What’s the latest with ESMA’s MiFIR Reporting Review?
In this blog we look at what’s happening with MiFIR Reporting in Europe and what we can expect to see in 2023 and beyond.
Under the mandate granted by MiFIR Article 26(10), ESMA shall submit a report to the Commission on the functioning of Article (26); a consultation on MiFIR began 24 September 2020 and the conclusion summary report was released on 23 March 2021.
The report contains recommendations and possible legislative amendments to MiFID II/MiFIR to simplify the current reporting regimes yet maintaining the quality and ensuring the usability of the reported data.
The headline changes are as follows:
- Replacement of the TOTV concept with the SI approach for OTC derivatives, bearing in mind the conclusions of ESMA’s Final Report on the transparency regime for non-equity instruments and the trading obligation for derivatives
- Removal of the short sale indicator
- Alignment with other regulations e.g., MAR, EMIR and the Benchmark Regulation
- The reliance on international standards, including LEIs, ISINs and CFIs; and
- The inclusion of three additional data elements to harmonise the way that they are reported and to avoid inconsistent and duplicative reporting. In particular, these are indicators for:
- Buyback programs
- Information on MiFID II client categories
- Transactions pertaining to aggregated orders.
You can read Kaizen’s FAQ on the changes here or watch our webinar, ESMA’s MiFIR Review – what does it mean for transaction reporting? here.
Distributed Ledger Technology (DLT) pilot
Meanwhile in response to the rapidly changing landscape across Europe for the trading and settlement of ‘tokenised securities’, ESMA conducted a call for evidence earlier this year. ESMA released its conclusions on the DLT Pilot Regime and its impact on the regulatory technical standards (RTS) developed under MiFIR relating to certain pre- and post-trade transparency and data reporting requirements. The regulation, which is on a pilot regime for market infrastructures based on DLT, (‘the DLT Pilot’) aims to develop the trading and settlement for ‘tokenised’ securities. The DLT Pilot entered into force on 23 June 2022 and will start applying on 23 March 2023. ESMA conducted a call for evidence from 4 January 2022 to 4 March 2022 in order to seek feedback and on September 27, ESMA released this feedback received and included proposals for the way forward.
The conclusions of that report will have been greeted as good news for firms and infrastructure providers in that “ESMA does not consider it necessary to amend the RTS” now, however it will work on supervisory guidance clarifying the application of certain elements of the RTS and experience gained during the pilot will be considered during any MiFIR review.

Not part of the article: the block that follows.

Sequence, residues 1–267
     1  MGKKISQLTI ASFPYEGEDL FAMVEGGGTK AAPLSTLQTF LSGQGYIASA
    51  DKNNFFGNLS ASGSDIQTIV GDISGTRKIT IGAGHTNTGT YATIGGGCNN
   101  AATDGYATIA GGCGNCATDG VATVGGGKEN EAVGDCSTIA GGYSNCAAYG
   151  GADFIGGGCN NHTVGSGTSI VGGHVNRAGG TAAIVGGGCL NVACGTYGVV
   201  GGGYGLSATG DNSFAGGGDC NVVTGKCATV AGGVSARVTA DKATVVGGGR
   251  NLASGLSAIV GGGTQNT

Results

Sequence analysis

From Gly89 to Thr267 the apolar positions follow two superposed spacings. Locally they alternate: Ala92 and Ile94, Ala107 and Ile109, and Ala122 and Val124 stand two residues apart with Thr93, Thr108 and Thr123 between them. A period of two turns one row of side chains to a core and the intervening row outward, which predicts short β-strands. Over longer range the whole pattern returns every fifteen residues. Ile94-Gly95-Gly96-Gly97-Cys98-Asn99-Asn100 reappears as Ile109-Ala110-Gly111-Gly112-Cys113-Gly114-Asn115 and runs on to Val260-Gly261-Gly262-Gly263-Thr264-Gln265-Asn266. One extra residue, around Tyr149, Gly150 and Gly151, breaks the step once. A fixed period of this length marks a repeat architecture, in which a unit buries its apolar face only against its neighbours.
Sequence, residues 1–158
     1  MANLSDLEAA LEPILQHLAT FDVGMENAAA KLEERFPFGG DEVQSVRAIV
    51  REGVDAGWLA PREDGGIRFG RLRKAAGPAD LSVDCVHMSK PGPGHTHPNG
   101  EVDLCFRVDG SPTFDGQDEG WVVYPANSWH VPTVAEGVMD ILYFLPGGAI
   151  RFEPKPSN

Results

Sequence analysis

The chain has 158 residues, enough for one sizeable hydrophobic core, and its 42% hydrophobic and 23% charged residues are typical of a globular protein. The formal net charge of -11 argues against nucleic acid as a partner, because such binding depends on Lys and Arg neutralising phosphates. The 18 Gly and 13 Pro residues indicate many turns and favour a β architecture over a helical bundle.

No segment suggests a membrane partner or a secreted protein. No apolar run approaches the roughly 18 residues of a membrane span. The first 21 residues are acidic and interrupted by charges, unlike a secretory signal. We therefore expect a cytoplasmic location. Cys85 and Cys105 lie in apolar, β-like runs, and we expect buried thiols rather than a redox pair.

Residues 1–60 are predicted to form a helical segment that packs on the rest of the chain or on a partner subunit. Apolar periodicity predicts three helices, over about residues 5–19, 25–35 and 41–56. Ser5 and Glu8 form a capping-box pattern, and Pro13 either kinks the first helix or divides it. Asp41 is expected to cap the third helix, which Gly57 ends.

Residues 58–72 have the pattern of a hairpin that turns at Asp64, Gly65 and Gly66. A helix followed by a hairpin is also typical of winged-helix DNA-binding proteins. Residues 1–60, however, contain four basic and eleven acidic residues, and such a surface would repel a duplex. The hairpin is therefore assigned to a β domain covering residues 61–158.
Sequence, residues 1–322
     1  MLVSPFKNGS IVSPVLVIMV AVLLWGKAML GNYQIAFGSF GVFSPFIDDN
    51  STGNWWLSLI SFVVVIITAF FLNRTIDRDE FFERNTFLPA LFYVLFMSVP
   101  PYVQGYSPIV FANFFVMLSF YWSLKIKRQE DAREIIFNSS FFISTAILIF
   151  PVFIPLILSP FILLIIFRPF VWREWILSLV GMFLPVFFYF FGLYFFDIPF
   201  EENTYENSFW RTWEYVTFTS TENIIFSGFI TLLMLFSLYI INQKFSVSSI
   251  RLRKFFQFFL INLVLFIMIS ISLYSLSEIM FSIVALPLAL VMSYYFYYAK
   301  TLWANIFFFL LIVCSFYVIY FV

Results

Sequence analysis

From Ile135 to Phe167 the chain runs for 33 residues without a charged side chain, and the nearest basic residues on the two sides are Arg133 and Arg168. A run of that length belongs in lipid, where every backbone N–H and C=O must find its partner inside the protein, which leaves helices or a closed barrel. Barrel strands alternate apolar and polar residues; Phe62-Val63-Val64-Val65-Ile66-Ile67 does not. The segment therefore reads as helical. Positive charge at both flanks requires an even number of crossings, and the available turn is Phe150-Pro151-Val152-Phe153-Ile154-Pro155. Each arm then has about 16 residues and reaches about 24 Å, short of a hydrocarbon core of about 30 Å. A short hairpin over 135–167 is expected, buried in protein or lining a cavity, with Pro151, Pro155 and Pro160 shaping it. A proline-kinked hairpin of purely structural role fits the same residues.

So where are we on the ‘ordinary legislative procedure’ timeline?
EU Commission amendments to MiFIR and MiFID II were the output of the MiFID II review that was carried out, as mentioned above by the EU Commission. The consultations were wide ranging and Commission proposals for the amendments are subject to the ‘ordinary legislative procedure’ which means the European Parliament and the Council negotiate a final legislative text on the basis of the Commission’s proposals. The EU legislative procedure usually takes approximately 18 months.
The Commission’s proposals were published towards the end of last year (2021) so we are coming towards the end of the legislative procedure.
The European Parliament has published its amendments and the Council has drafted its own compromise proposals. More discussion is needed to finalise their respective positions before trialogue can commence.
What happens next?
If the European Council and Parliament reach a compromise by the end of December 2022 and Q1 2023 respectively, then trialogues between the European Commission, Parliament and Council will follow before a final position is agreed – maybe by Q3 2023.
Legal language review and translation will then take place before the final changes to MiFIR and MiFID II can be published in the Official Journal. Based on the timings above, we could anticipate that this will be sometime in the last quarter of 2023.
The changes to MiFIR are likely to apply 21 days later and changes to MiFID II will need to be implemented in member states within 12 months. Changes to underlying RTS will also be required.
What can we expect to see in 2023?
Change to MiFIR itself is likely to be fairly limited vis a vis Article 26 with most of the detail once again to be found in the amendments ESMA will make in Level 2.
Looking back at history is no guide to the future, as the final MiFIR and MiFID II texts were published in the Official Journal of the EU on 12 June 2014 and entered into force 20 days later on 2 July 2014. Entry into application was supposed to follow 30 months after entry into force on 3 January 2017. This of course was delayed until 3 January 2018.
It’s unlikely to take that long this time around as the scale of the change is significantly smaller than the changes under MiFID II. Assuming that there is no major derailment in the political negotiations, ESMA is likely to produce consultation and discussion papers setting out its proposed advice to the Commission on changes to the RTS and ITS, with implementation during 2024.
We will be watching this space and will update you further as progress is made.
For a conversation with Matthew or one of our regulatory specialists about the upcoming changes to MiFIR or how to prepare for regulatory change, please contact us.